The most important tool that I use is my phone. It is basically an appendage, and I’ve written quite a bit on it so far. I generally prefer to read through things again on the computer, and it’s easier to add pictures to my posts through the web program for WordPress.com – though the majority of my pictures come from my phone.
If I decide to actually work on my photography skills, I might start using a real camera. But right now, I just snap quick shots of things I find interesting, so the phone is good enough (and I always having it anyway!).
I also use the WordPress app on my phone, which I quite like. I don’t know how things may change if I ever move over to self-hosted, though. If anyone has more info about moving to self-hosted, I’d love some tips! But for right now, it’s nice to have a lot of options right at my fingertips.
One of the things that you will notice in Germany is that there are cigarette vending machines everywhere. They’re on street corners and outside train stations, and they are always beat up and graffitied. I don’t know who owns them and gets the money from them, but I’m sure they make a lot of money. I’m not sure the stereotype is true that Europeans smoke more, but there are fewer gas stations and convenience stores here, so I imagine that even if there are the same number of smokers here, the vending machines do plenty of business to make up the difference.
This is one outside a train station. I believe the graffiti is actually a style choice and is part of the panel. I’ve seen the same pattern elsewhere. But I’ve also seen plane ones that say “Tabakwaren” or Tabacco. There are some old stickers on it, but I didn’t examine them too closely, because I was already the crazy person taking pictures of a cigarette machine.
In order to buy cigarettes, you have to scan a ID carde to prove that you’re of age. I don’t know what you do if you’re foreign – I suppose you just have to go to a store. This seems incredibly insecure to me, though. There is no way to check to make sure that the ID actually matches the person buying the cigarettes. I’d imagine it’d be easy to swipe or borrow an older person’s ID.
The machine accepts card and cash and advertises that it will give you your change back. I suppose there are some that don’t?
On the left side of the picture is the ID scanner and at the top are the various receptacles for payment. I suppose while it’s not particularly secure, it is efficient.
Today’s Blog Everyday in May prompt is, “Who inspires you?”
1. My parents – they both work very hard and put aside time to take care of all of their children. I’ve talked about both of them in previous posts and I hope that when I’m eventually a parent, I’m like them.
2. Authors – Dear people who have written books, how do you do it? I’m having trouble enough blogging daily, I’m amazed at the dedication that others are able to put into a novel. I want your secrets! I’ve got ideas, but no follow-through. Maybe I will do NaNoWriMo when it rolls around this year…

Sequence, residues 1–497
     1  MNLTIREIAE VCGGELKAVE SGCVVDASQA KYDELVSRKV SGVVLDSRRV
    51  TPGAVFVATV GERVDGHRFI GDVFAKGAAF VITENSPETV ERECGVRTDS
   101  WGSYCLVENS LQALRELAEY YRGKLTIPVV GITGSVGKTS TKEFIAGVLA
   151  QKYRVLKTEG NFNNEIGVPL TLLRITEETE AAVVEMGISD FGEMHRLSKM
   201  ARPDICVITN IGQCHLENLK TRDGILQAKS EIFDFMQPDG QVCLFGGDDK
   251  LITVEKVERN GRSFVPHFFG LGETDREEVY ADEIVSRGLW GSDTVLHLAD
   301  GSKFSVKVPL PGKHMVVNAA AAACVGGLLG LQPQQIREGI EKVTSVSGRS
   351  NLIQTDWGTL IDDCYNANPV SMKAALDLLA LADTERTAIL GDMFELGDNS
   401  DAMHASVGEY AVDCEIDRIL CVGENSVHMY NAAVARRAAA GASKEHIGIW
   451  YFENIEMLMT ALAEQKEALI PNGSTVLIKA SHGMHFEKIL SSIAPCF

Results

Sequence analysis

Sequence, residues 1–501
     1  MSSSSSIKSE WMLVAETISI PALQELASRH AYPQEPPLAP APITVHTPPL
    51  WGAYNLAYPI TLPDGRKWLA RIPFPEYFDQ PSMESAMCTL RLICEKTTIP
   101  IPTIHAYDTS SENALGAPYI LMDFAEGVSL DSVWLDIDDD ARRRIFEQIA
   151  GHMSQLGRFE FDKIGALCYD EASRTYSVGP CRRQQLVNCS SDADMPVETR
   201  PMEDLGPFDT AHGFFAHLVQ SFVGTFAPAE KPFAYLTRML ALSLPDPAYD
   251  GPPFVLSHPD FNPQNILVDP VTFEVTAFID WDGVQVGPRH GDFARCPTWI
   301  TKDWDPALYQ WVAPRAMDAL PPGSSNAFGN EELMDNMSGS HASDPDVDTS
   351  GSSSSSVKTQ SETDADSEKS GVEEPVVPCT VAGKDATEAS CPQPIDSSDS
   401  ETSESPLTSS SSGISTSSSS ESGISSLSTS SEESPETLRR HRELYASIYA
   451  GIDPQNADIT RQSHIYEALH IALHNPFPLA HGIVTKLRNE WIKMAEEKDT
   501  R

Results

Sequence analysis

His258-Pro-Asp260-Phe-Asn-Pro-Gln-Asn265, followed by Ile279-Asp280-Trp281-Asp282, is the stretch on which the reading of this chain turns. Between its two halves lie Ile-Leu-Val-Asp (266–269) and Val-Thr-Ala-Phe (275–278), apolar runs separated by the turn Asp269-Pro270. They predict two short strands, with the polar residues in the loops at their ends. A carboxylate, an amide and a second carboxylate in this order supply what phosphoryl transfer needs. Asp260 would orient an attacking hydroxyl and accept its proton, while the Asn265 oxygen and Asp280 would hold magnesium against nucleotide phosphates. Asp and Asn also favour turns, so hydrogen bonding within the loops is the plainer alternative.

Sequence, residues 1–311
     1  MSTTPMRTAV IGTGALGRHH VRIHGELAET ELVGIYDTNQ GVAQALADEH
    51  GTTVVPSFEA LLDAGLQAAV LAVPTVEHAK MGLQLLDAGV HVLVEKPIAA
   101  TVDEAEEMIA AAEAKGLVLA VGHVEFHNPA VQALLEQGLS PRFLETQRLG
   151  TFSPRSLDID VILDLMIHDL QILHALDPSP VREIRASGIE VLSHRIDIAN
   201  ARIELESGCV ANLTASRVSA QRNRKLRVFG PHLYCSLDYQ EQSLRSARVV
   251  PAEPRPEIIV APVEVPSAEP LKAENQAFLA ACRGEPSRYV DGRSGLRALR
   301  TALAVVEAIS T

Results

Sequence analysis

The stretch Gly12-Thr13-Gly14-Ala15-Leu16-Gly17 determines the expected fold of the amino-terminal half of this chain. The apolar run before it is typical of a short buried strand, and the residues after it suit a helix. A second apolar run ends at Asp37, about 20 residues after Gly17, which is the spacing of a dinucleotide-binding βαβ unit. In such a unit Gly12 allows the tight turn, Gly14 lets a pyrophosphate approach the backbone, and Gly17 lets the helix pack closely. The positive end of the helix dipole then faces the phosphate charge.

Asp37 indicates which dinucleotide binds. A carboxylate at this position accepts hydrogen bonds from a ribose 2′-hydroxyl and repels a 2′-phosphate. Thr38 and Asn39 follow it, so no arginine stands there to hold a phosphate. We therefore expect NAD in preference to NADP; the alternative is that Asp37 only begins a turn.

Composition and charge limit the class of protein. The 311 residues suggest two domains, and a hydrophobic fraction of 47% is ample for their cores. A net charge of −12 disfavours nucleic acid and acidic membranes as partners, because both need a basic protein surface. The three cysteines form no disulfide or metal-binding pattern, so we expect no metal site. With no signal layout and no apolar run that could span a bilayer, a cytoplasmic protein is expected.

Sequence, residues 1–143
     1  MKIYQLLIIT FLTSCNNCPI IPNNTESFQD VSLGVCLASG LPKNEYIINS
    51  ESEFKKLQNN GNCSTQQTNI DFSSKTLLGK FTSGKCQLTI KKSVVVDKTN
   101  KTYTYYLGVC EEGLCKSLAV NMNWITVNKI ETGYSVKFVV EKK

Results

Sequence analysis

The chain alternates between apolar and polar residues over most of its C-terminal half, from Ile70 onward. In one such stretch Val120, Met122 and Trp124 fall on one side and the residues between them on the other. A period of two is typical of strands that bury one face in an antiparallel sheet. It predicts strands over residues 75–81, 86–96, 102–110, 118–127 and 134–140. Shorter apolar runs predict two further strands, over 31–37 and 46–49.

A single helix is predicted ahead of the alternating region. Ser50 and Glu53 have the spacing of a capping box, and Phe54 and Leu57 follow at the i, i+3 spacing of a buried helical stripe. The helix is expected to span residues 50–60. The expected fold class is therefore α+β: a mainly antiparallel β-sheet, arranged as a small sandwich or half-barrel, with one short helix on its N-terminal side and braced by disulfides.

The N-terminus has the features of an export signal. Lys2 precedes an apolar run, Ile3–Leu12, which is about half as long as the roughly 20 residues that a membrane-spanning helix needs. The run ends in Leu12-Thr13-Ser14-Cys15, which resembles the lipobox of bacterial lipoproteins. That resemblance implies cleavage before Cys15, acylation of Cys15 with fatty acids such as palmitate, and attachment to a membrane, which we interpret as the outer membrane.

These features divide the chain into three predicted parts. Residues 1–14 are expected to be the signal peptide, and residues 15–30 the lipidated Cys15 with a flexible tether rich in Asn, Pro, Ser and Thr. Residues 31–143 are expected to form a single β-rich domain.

3. Polyglots – I’m so envious of polyglots and also want to know their secrets – though in reality, I know the secrets. Speak as much as possible even though you sound like an idiot. Immerse yourself in the new language. Don’t be lazy and speak English with your native German speaker fiance.
Sorry that I’ve been missing lately. I have not felt well (nothing specific, just the overwhelming need to sleep for 12 hours at a time), so I hadn’t been up to writing. I hopefully will include the missing posts as bonus posts here and there, but I don’t want to promise several days of doubling up, because that is likely too much for me.
Anyway, I’m sorry for the interruption, but now we will continue with your regularly scheduled program from Blog Everyday in May. Today’s prompt asks for lessons learned from mothers or other female figures in your life in honor of Mothers’ Day.
My mother has taught me a lot of things, but there is one thing in particular that I wanted to take about. Even if she had never talked to me about this, I would have likely learned it from her anyway because this is something she does all the time.
She is kind to everyone, even (especially) people who are not kind to her.
She is a big “kill them with kindness” person, and while it was hard for me to understand and try to do myself as a child, as I have gotten older, I have seen seen how it makes my life and others’ lives much better.
When you are nice to someone who is mean to you, usually their reactions fall into two categories:
1. They realize they are being a jerk and stop being mean. They may even apologize. They may even be sincere!
2. They keep on being rude and end up making fools of themselves.
Now these results might not happen immediately, which was why this philosophy was difficult for kid-me. I have always been incredibly impatient, and when I was a child, I had an incredibly short temper. I still do, actually, but I’m much better at hiding it.
But I tried this at school and at work, and while not everyone turns around and is your best friend, it’s easier than getting drawn into a fight. I know my mom doesn’t always find it easy, but I am often amazed at her kindness and patience with people even when things are difficult.
So thank you, Mom, for this life lesson that has really helped me. I actually think trying to do this more was a major part in controlling my temper. It also helped me quite a bit in work, too – teaching and working with customers.
Have a fabulous Mothers’ Day. You deserve it.